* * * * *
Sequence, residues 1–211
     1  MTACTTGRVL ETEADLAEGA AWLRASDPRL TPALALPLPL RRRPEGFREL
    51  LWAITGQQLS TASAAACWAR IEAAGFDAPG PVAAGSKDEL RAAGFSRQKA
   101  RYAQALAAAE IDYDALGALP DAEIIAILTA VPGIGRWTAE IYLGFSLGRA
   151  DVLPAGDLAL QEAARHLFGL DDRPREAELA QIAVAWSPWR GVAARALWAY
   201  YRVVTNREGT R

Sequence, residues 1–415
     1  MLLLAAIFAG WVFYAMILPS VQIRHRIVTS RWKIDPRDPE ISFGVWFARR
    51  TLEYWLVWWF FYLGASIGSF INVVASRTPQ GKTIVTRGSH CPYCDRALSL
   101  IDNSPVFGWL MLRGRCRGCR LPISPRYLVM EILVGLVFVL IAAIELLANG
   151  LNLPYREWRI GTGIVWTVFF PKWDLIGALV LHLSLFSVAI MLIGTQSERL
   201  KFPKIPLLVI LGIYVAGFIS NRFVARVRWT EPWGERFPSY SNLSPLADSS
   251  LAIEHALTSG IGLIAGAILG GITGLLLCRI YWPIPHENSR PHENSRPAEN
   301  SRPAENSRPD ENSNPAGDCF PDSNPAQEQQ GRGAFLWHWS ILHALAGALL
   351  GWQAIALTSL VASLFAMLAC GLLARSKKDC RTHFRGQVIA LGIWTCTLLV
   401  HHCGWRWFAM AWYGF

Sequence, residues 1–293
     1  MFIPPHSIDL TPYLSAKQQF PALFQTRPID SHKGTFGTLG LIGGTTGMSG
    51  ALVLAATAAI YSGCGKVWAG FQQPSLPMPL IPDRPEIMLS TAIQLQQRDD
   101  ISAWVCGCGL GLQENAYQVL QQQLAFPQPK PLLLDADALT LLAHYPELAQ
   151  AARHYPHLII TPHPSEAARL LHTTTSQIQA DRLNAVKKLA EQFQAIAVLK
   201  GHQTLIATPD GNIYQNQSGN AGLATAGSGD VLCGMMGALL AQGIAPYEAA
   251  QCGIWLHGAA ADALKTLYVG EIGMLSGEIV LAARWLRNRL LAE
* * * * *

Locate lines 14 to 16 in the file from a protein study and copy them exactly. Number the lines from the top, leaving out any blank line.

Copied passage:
   301  SRPAENSRPD ENSNPAGDCF PDSNPAQEQQ GRGAFLWHWS ILHALAGALL
   351  GWQAIALTSL VASLFAMLAC GLLARSKKDC RTHFRGQVIA LGIWTCTLLV
   401  HHCGWRWFAM AWYGF